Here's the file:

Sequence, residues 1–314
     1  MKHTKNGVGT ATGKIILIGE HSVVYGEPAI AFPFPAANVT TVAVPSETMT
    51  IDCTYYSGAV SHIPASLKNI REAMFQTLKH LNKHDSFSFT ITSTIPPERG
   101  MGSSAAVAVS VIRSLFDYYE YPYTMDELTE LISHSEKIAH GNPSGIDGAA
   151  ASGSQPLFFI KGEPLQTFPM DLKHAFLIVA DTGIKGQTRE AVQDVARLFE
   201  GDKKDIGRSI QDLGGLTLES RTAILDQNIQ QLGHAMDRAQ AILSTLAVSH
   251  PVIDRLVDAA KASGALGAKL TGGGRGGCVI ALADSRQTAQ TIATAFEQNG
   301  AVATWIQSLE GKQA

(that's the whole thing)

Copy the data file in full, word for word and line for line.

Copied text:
Sequence, residues 1–314
     1  MKHTKNGVGT ATGKIILIGE HSVVYGEPAI AFPFPAANVT TVAVPSETMT
    51  IDCTYYSGAV SHIPASLKNI REAMFQTLKH LNKHDSFSFT ITSTIPPERG
   101  MGSSAAVAVS VIRSLFDYYE YPYTMDELTE LISHSEKIAH GNPSGIDGAA
   151  ASGSQPLFFI KGEPLQTFPM DLKHAFLIVA DTGIKGQTRE AVQDVARLFE
   201  GDKKDIGRSI QDLGGLTLES RTAILDQNIQ QLGHAMDRAQ AILSTLAVSH
   251  PVIDRLVDAA KASGALGAKL TGGGRGGCVI ALADSRQTAQ TIATAFEQNG
   301  AVATWIQSLE GKQA